The obesity epidemic isn't confined to the United States. "It's a global issue around the world," said Dr. Robert Eckel, professor of medicine at the University of Colorado Anschutz Medical Campus and former American Heart Association president.
Its impact on children is serious, Eckel said.
"An obese child is going to become an obese adult," said Eckel. "Individuals, schools, health-care providers, churches and the government all have a role" to play in addressing this public health issue, he said.
Experts note that information presented at scientific meetings has not been scrutinized as thoroughly as studies published in medical journals.
For tips on maintaining a healthy weight, visit the U.S. Centers for Disease Control and Prevention.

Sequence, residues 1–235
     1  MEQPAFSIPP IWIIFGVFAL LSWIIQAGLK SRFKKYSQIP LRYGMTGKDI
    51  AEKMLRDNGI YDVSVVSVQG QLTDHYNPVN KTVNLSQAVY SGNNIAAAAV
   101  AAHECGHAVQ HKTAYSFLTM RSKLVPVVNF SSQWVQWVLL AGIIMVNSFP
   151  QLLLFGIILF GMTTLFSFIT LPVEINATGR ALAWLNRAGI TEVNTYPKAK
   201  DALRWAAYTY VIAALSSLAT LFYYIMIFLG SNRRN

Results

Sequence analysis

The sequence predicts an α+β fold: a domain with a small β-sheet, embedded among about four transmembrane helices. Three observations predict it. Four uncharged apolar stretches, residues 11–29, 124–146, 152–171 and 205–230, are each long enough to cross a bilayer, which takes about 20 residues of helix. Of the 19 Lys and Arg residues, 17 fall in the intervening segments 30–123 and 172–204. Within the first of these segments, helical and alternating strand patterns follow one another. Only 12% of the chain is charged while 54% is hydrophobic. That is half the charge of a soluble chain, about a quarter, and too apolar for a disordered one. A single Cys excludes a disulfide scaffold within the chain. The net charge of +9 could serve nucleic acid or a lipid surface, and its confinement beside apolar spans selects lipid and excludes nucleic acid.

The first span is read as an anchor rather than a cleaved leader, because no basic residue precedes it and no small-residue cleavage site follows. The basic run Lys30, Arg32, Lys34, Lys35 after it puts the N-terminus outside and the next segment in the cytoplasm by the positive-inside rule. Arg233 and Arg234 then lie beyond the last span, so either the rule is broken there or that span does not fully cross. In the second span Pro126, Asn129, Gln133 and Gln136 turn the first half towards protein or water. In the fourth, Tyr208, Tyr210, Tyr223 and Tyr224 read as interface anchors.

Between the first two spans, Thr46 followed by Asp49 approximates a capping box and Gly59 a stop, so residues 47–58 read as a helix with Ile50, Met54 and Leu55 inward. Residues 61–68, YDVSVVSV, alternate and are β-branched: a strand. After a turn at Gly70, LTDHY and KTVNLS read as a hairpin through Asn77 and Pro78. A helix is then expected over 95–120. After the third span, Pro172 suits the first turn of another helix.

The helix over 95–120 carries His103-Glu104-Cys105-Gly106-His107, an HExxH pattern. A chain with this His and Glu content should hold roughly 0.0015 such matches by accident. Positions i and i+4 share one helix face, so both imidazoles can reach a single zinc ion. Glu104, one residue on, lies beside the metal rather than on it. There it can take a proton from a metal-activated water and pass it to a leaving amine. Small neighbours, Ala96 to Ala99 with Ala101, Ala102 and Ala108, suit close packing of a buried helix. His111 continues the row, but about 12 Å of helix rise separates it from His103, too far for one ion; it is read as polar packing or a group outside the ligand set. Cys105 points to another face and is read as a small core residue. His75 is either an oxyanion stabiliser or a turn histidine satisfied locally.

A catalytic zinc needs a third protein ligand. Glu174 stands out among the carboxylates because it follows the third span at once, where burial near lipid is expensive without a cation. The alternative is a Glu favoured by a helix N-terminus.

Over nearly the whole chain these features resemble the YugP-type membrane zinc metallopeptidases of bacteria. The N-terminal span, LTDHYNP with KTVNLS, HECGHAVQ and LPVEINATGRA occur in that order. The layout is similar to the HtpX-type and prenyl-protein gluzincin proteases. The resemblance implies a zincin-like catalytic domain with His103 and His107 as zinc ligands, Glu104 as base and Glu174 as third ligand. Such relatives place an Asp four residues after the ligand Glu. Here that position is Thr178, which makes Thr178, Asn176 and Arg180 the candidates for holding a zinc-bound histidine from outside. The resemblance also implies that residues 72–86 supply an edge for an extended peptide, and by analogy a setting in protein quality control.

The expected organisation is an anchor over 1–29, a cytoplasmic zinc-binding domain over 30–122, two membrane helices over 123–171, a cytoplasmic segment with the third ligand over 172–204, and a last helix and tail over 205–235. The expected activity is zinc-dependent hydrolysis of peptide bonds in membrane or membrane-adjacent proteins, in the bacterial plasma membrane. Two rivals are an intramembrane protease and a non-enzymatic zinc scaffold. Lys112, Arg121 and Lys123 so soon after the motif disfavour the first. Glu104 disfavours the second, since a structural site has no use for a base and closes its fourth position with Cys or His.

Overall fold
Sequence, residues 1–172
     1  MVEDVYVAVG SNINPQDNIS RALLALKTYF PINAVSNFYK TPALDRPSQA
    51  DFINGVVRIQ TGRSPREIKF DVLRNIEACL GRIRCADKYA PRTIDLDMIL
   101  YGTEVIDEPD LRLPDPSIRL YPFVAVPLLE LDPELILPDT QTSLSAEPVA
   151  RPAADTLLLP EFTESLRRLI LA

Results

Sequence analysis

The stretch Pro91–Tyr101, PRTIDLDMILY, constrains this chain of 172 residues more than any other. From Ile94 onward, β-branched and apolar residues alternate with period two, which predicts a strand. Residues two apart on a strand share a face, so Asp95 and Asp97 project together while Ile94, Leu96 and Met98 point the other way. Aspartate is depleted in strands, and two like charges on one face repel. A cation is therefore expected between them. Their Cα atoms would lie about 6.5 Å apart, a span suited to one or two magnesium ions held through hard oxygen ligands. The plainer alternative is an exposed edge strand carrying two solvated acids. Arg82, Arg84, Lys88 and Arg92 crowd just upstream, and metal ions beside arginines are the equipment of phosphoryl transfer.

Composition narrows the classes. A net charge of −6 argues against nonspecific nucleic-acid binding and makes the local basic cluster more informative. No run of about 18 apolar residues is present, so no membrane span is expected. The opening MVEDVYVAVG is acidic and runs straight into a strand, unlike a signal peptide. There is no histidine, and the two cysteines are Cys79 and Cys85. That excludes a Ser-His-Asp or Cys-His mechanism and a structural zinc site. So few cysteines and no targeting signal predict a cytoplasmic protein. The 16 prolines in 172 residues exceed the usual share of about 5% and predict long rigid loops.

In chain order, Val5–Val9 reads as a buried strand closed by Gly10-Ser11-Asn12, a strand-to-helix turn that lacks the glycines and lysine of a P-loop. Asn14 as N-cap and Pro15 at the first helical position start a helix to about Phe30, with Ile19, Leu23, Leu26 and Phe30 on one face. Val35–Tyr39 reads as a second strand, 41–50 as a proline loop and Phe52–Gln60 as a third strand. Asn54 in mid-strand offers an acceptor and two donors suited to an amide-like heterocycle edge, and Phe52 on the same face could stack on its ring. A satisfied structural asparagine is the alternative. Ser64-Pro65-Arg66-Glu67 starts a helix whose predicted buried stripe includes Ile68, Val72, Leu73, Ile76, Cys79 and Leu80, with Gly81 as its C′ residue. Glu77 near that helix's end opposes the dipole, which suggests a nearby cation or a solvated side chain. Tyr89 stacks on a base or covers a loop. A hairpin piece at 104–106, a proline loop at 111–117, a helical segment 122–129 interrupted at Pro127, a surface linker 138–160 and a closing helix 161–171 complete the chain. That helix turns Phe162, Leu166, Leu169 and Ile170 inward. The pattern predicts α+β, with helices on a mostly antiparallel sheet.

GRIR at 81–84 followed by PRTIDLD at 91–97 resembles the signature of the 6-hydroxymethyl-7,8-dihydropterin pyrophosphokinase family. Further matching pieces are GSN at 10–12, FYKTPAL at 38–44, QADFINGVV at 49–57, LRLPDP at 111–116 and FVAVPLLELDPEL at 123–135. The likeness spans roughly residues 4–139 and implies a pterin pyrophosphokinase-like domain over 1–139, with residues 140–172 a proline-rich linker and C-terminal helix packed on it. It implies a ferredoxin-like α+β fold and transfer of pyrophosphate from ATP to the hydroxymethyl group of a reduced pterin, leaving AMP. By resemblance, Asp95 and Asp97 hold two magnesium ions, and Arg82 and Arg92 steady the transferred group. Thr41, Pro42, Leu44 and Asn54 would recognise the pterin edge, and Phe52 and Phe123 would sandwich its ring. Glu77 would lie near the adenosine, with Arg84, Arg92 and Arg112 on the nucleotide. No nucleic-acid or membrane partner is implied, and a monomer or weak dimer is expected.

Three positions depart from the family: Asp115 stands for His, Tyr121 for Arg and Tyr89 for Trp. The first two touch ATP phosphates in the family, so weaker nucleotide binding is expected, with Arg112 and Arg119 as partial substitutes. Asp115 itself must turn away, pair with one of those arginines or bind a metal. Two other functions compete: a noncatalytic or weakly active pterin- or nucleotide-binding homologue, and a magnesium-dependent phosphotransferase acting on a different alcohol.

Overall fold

SOURCES: Robert Eckel, M.D., former American Heart Association president, professor of medicine at the University of Colorado Anschutz Medical Campus, Denver; Alice H. Lichtenstein, D.Sc., Gershoff Professor of Nutrition Science and Policy, Friedman School, director and senior scientist, Cardiovascular Nutrition Laboratory Jean Mayer USDA Human Nutrition Research Center on Aging, Tufts University, Boston; Nicole E. Dumas, M.D., resident, Columbia University School of Medicine, New York City
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